Addressing Inequality in Maryland

Nyla is a happy, energetic fourth-grader. She lives with her mom in Orchard Beach, a leafy Ann Arundel County neighborhood. She plays with her friends on their tree-lined street.

A few years ago, before her family moved there, Nyla was hospitalized every two months for severe and debilitating asthma, reports a recent National Housing Institute article in Maryland’s Shelterforce magazine. Her mother suffered from depression and the fear of losing her child to the relentless shootings in their former low-income neighborhood in West Baltimore.

Then, Nyla and her mother experienced a drastic improvement in health due to relocation brought about by the department of Housing and Urban Development’s Moving to Opportunity for Fair Housing pilot program.

Nyla’s story illustrates the price of poverty — and of the extreme income inequality that’s an alarming and ever-increasing problem in the United States and in Maryland. Maryland ranks among the wealthiest states in the nation. Our politicians point out that Maryland’s public schools regularly rank No. 1 in Education Week’s yearly review, and our students are leaders in taking AP tests.

Biking Nikon SFO/Flickr

Biking Nikon SFO/Flickr

Yet, while some of our counties are home to the nation’s wealthiest households, we’re no different from the country at large when it comes to income inequality. Inequality in Maryland has grown steadily since 1968.

Maryland ranks No. 18 among the states in terms of the gap between the rich and poor. The wealthiest 3 percent of Marylanders earn 36 percent of the state’s income, while Maryland’s poorest 24 percent earn just 9 percent.

Our reliance on gross domestic product growth to assess whether the economy is improving overall is one factor that keeps the realities of growing inequality in our state and the nation in general largely hidden.

Fortunately, Maryland is leading the nation in using a different measure: the Genuine Progress Indicator. Ours is the first state-level alternative measuring stick of its kind, and it offers a fuller measure of the well-being of those of us who live here. The GPI measures 26 factors in the categories of economic, social and environmental well-being and pools them into a single indicator.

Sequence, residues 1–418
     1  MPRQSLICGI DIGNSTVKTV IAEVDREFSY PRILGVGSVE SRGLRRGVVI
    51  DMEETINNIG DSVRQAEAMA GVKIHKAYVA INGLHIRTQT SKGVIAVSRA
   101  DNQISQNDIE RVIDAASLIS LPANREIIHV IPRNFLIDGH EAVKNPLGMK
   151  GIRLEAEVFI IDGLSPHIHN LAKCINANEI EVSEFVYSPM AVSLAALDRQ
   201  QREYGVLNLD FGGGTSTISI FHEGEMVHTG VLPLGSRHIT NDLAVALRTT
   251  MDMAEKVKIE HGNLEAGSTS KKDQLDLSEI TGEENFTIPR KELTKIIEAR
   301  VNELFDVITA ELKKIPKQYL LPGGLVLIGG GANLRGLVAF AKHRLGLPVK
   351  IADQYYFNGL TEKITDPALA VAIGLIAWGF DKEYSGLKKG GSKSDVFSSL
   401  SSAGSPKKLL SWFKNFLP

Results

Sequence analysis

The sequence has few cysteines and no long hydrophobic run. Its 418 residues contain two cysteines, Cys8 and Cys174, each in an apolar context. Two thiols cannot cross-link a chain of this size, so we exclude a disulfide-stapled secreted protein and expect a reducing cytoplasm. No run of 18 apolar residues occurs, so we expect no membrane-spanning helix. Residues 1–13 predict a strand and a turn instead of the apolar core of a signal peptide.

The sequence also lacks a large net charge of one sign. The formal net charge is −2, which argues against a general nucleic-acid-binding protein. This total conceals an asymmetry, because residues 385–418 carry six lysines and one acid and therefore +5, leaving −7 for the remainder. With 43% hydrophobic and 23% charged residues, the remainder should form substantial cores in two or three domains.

In a new study, the Institute for Policy Studies and the Center for Sustainable Economy examine the troubling trend of Maryland’s growing inequality and what can be done to address it. With input from Maryland-based public-interest groups, the report addresses the economic costs of inequality and what the GPI might be if we had a level of income equity similar to 1968.

One example of measurable improvement can be found in the recent research on housing mobility and health illustrated by the story of Nyla’s family. Moving from a poor neighborhood to a more affluent one appears to significantly improve people’s health. An analysis of the long-term benefits of HUD’s new program illustrates the benefits of reducing inequality.

In Baltimore and four other cities, low-income families who were relocated from the highest-poverty neighborhoods to lower-poverty neighborhoods experienced measurable physical and mental health improvements. Increased employment and decreased welfare costs then followed.

The GPI can help Maryland evaluate the benefits of policies that will reduce our income inequality and achieve a healthier and wealthier workforce. Better-paid workers can more easily do such things as send their kids to college or purchase dishwashers. Such changes could produce estimated benefits to Maryland’s economy of more than $65 billion each year.

When assessing policies affecting our state and the well-being of all our citizens, we should be using a lens such as the Genuine Progress Indicator to measure what really helps us and what really hurts us — including the health of our waterways, the availability of leisure time and the level of our inequality. This goes for Nyla, her mom and the rest of us.

Karen Dolan of Cheverly is an Institute for Policy Studies fellow, and Rebecca Ruggles of Baltimore is the director of the Maryland Environmental Health Network.